2) “7 O’clock News/Silent Night” Simon & Garfunkel

One of the most powerful, beautiful and emotionally-charged songs in the history of folk and folk-rock. The piece blends Simon and Garfunkel’s rendition of Silent Night—a tender, almost ethereal, duet that was one of the finest in the history of their partnership—with the jarring sound and tragic content of a news broadcast (while the “broadcast” was created in the studio, all of the stories it treats were actual events unfolding at the time of the song’s August 1966 recording). The resulting work is an impassioned and thought-provoking juxtaposition of the meaning of Christmas with human frailty.

1) “The Christmas Guest” Johnny Cash

Cash’s adaptation of this old German folktale is more spoken-word than song. It tells the story of Conrad, a lonely storekeeper who is overjoyed to expect the Lord as his Christmas guest. Conrad’s preparations to receive this very important guest keep getting interrupted by unexpected visitors: a beggar, an old woman and a homeless waif. If you haven’t heard the story, I won’t ruin the ending for you – but the “plot twist” here is not exactly M. Night Shyamalan material. It is, however, a touching, sweet and potent reminder of the special importance of looking after those needier than ourselves at this time of year — all rendered with the inherent gravitas conveyed by Cash’s deep baritone voice.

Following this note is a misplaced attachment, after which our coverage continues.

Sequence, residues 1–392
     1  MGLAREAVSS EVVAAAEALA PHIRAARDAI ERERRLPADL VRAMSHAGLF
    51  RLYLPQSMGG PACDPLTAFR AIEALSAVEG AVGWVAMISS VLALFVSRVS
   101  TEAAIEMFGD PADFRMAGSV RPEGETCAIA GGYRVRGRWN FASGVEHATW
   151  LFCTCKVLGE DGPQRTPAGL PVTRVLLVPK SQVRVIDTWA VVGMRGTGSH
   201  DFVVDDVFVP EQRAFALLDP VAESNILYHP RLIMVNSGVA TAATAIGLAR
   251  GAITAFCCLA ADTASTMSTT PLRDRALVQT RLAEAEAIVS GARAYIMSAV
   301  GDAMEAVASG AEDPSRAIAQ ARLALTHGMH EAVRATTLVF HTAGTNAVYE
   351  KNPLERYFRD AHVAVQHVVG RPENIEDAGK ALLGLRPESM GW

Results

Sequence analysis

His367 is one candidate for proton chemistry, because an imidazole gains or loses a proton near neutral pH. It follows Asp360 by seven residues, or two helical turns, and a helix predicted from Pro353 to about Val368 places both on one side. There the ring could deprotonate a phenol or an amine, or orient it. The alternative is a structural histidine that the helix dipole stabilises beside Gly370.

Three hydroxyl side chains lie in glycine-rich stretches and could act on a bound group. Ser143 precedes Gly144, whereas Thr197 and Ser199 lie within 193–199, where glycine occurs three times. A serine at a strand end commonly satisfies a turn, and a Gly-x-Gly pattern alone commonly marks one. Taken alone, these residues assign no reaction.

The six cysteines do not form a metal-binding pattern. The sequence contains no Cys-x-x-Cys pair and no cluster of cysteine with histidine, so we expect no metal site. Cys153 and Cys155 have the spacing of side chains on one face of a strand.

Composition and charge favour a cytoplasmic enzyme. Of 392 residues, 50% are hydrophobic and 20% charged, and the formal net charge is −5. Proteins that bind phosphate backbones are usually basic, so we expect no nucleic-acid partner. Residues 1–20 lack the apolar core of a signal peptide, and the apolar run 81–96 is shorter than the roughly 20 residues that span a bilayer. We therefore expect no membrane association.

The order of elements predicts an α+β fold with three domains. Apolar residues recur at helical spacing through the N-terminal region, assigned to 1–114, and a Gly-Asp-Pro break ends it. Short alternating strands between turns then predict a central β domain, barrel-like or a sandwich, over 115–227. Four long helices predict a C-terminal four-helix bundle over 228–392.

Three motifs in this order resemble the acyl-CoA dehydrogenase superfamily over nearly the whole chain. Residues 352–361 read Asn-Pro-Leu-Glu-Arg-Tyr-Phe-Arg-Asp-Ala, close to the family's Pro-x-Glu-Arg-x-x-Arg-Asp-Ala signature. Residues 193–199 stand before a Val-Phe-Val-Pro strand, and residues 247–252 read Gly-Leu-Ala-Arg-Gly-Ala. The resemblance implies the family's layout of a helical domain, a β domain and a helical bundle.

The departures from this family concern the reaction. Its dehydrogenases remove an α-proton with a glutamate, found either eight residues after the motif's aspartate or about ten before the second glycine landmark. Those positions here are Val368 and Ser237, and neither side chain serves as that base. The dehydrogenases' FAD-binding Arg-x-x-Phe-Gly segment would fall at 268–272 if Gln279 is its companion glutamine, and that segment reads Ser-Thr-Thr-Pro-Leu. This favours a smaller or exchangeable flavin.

So, there you are. Twelve Christmas tunes to make you laugh, cry and feel — without having to turn to televised Christmas Specials. “Merry Christmas” or “Bah, Humbug!” it’s up to you!

In case you want just a little bit more off-the-beaten path Christmas roots music, here are the “runners-up” to this list: “Christmas Blues” by Canned Heat, “Blues for Christmas” by John Lee Hooker, “Blue Christmas” by Elvis Presley, “Christmas Holidays” by Texas Pete Mayes, “Old Toy Train” by Roger Miller, “Oi! To the World” by The Vandals. “Cold, Cold Heart” by Hank Williams (Okay, it’s a bit of a stretch, but we wanted Hank to be on here somewhere!)

Any songs belonging on this list that we forgot? Let us know in the “comments” section below!

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1 Comment

  1. Jon Black says:

    My wife isn’t going to give me a moment’s peace until I add Doug “The Ragin’ Cajun” Kershaw’s “Dominic: The Italian Christmas Donkey” to the runner-up list.